Ruth Moore’s classic novel Spoonhandle is still as relevant as ever
I first heard of Ruth Moore through bumper sticker. In retrospect, this unusual event reflects not only Moore’s status as a literary icon in Maine, but also the state’s vibrant literary culture, which manages to exist and thrive in a magical space – the “Maine of the Spirit.” As a writer and artist Stephen Petroff called it – outside of the Vacationland Matrix. “I Read Ruth Moore” bumper stickers began to appear in New England at the turn of the 20th century, thanks to visionary poet Gary Lawless and his Blackberry Books. Some 50 years after Moore’s early novels were published in the 1940s, in the islands of Maine of his childhood, Lawless was responsible for Moore’s Second Wave.
Today, in the third decade of the 21st century, Ruth Moore is experiencing a third wave, thanks to Islandport Press, which is republishing many of her works of fiction and poetry over the next several years.
Moore’s literary crown jewel is “Spoonhandle,” his 1946 novel about the fictional islands Big Spoon and Little Spoon. The novel, reissued earlier this year, spent 14 weeks on the New York Times bestseller list and was turned into the film sadly unfaithful to the book “Deep Waters.” But the proceeds of the film allowed Moore to return to his beloved island Mount Desert, just three miles from the Great Gott Island of his childhood.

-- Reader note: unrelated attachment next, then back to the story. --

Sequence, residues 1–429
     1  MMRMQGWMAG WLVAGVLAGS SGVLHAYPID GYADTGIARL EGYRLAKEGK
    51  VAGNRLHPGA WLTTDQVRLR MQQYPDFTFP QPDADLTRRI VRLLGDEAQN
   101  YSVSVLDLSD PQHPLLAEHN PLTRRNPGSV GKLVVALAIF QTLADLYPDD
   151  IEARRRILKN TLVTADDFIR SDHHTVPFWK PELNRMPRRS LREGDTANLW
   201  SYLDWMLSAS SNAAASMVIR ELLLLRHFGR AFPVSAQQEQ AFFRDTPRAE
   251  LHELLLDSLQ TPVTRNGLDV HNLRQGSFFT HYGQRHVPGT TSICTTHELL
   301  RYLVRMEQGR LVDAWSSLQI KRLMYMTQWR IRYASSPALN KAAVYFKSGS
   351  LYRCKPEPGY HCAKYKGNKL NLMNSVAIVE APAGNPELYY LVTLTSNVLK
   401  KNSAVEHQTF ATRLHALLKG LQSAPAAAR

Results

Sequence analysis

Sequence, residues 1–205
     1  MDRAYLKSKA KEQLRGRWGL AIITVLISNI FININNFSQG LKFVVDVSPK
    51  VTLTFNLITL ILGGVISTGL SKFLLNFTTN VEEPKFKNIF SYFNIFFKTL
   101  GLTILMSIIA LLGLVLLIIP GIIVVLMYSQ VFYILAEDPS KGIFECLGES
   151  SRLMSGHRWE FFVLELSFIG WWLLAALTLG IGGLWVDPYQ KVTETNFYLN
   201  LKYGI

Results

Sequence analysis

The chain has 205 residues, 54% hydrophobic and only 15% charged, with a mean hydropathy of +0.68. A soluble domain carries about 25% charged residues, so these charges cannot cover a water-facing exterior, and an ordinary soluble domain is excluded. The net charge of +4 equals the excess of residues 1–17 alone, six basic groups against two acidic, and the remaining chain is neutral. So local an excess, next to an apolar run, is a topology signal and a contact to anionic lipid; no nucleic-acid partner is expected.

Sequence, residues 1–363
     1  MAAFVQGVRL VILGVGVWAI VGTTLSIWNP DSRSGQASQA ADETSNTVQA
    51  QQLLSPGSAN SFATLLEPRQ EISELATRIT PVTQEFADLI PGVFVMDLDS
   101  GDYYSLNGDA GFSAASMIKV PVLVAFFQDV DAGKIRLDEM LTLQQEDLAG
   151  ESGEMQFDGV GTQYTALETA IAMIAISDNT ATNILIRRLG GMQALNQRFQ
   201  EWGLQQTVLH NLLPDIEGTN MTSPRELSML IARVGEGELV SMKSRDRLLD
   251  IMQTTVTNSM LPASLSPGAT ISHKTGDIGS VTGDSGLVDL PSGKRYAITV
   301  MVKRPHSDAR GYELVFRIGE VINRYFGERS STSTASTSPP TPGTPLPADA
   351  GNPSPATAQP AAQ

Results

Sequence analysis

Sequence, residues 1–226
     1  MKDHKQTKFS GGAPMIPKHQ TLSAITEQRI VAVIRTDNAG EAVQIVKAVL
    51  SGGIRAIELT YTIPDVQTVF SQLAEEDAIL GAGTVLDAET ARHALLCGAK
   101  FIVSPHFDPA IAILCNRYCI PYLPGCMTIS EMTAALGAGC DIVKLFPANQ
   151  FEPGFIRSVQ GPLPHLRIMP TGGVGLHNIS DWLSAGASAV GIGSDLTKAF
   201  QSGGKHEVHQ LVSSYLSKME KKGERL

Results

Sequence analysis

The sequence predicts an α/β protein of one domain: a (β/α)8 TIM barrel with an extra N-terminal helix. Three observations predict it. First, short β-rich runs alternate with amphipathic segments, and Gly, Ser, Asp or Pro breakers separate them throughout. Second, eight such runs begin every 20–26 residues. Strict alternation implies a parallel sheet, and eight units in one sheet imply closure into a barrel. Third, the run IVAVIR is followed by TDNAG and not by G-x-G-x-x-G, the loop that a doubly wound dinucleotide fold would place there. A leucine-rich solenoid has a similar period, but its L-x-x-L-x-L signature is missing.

Moore’s fictional drama about savage independence, fishing, and tensions between islanders and rich people “from afar” lands in our midst during pandemic, racial discord, and profound US and global upheaval . How does “Spoonhandle” resist these contemporary troubles? Like many classic literary works, the stories of Ann, Willie, and Hod have improved over time; indeed, the book seems surprisingly prescient.
It’s the story of Ann Freeman – as she returns home to Little Spoon Island to stand up to her father and assert herself as a writer – who climbs to the top of the novel. It’s easy to imagine Netflix going for this coming-of-age comedy drama and starring Emma Watson. The book feels in tune with Greta Gerwig’s 2019 adaptation of “Little Women” or her “Lady Bird” from 2017.
Ann’s dedication to her writing and finding her own room, barely 20 years after Virginia Woolf published her landmark essay in England, stood out to me, as did her real estate contract: Ann buys her fish house / studio writing for $ 25 from Mary Mackay, a stern but generous woman. It’s a surprisingly feminist empowerment deal, in which both parties receive something valuable – although buying an on-water writing studio for $ 25 (!) Seems like the best of all. the offers available today.
Although Ann relies on the carpentry skills of Hod and Willie Stilwell to fix the fish house, she is definitely self-sufficient. The romance between her and Hod may lead to the happy ending of the book, but when, in one of the most romantic scenes, he kisses Ann, it’s because she’s finished her novel: “It’s to be.” a smart girl and finish her job, ‘He told her. “And this one is for me.” He kissed her again. As for Ann, there is a feeling that she will be writing more books in her fish shop.